A new wave of anti-government mobilization has swept across the Eurasian countries that once comprised the Soviet Union. Crowds in Moscow have mobilised to call for free and fair city council elections this September. Despite massive arrests and police violence, the protestors have returned every weekend for seven weeks. Similarly, in June a new political movement “Oyan, Kazakhstan!” (Wake up, Kazakhstan) was founded by urban youths demanding political freedoms after the resignation of Nursultan Nazarbayev, Kazakhstan’s president for three decades. It now commands hundreds of followers across the country. Last year in Yerevan, Armenia, young activists led anti-government protests demanding the resignation of long-serving leader Serzh Sargsyan. The list goes on.
These activists are part of a generation that was born or came of age since the collapse of the Soviet regime. These 20- and 30-somethings seek to define their political landscape by wresting power from older, incumbent politicians who cling to the autocratic tendencies of communism. They are internet savvy and have traveled abroad. They now see themselves as agents of change, willing to risk more than their parents could stomach.
The activists draw from many resistance tactics and have different political agendas, ranging from wholesale political reforms to merely claiming the right to protest in public. For example, in Ukraine, young political activists mobilised into powerful professional networks after the violent regime change in 2014, pledging to collaborate with parliament and government agencies to implement democratic reforms. Ukraine’s newly formed government is the youngest in Europe, led by 35-year old prime minister Oleksiy Honcharuk. By contrast, Kazakhstan’s young activists are just beginning to exercise their constitutional right of free assembly and normalise collective action in a public space.
Despite varying degrees of political freedoms, there are undeniable parallels across countries. Unlike the civil society groups of the 1990s and 2000s, these activists are not aided by international NGOs. Their funding is more likely to come from online crowdsourcing than from international donor organisations. Their repertoires of resistance emphasize performance through contemporary art displays, music, slogans and short videos. They adapt strategies from protesters in Puerto Rico, Hong Kong, and from neighbouring states with Soviet history. Some have backgrounds in feminist and environmental advocacy and are steeped in both local and global political discussions.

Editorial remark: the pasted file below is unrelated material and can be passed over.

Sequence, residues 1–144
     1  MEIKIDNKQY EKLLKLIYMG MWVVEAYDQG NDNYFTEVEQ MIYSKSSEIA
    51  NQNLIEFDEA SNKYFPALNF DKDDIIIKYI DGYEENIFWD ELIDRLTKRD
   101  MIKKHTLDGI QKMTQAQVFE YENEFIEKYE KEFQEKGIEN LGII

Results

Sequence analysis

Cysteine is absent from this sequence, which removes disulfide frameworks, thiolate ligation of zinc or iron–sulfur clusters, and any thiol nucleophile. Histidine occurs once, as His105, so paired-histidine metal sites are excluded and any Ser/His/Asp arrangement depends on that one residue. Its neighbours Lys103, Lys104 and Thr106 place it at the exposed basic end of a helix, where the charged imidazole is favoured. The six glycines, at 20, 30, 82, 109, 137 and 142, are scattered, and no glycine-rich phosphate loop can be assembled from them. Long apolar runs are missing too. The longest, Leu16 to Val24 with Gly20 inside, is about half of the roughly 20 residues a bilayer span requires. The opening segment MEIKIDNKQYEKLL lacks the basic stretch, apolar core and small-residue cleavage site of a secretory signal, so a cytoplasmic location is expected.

Resistance against the status quo goes hand-in-hand with demands for a freer political future — a fair society with an accountable government
Recognising that asserting their civic rights in an authoritarian country comes with risks, they are fearless in the face of police arrests. “Activists have realized that even a 10-day detention is not that scary,” says Kassymkhan Kapparov, one of the founding members of “Oyan, Kazakhstan!”. Lyubov Sobol, an opposition candidate excluded from the ballot for a seat in the Moscow city Duma, live-streamed her speech to supporters as police broke down the doors of her office to detain her. The stream ended as she ordered the police to answer “On what basis [are you here]?”, once they finally entered her office.